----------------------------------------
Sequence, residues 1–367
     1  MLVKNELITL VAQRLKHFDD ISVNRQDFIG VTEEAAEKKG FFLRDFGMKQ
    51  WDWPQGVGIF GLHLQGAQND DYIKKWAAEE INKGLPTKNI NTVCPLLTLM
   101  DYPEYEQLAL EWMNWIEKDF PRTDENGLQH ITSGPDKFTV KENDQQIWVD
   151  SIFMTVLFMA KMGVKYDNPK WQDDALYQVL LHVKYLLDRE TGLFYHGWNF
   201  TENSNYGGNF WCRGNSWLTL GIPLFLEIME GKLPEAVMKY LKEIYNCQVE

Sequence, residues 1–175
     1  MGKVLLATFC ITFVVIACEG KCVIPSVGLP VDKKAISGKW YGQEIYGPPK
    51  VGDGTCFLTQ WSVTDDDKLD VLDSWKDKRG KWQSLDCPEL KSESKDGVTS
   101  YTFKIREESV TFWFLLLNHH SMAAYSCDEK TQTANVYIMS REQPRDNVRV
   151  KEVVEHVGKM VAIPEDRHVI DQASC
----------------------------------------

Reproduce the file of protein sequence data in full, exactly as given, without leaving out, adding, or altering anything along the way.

Sequence, residues 1–367
     1  MLVKNELITL VAQRLKHFDD ISVNRQDFIG VTEEAAEKKG FFLRDFGMKQ
    51  WDWPQGVGIF GLHLQGAQND DYIKKWAAEE INKGLPTKNI NTVCPLLTLM
   101  DYPEYEQLAL EWMNWIEKDF PRTDENGLQH ITSGPDKFTV KENDQQIWVD
   151  SIFMTVLFMA KMGVKYDNPK WQDDALYQVL LHVKYLLDRE TGLFYHGWNF
   201  TENSNYGGNF WCRGNSWLTL GIPLFLEIME GKLPEAVMKY LKEIYNCQVE

Sequence, residues 1–175
     1  MGKVLLATFC ITFVVIACEG KCVIPSVGLP VDKKAISGKW YGQEIYGPPK
    51  VGDGTCFLTQ WSVTDDDKLD VLDSWKDKRG KWQSLDCPEL KSESKDGVTS
   101  YTFKIREESV TFWFLLLNHH SMAAYSCDEK TQTANVYIMS REQPRDNVRV
   151  KEVVEHVGKM VAIPEDRHVI DQASC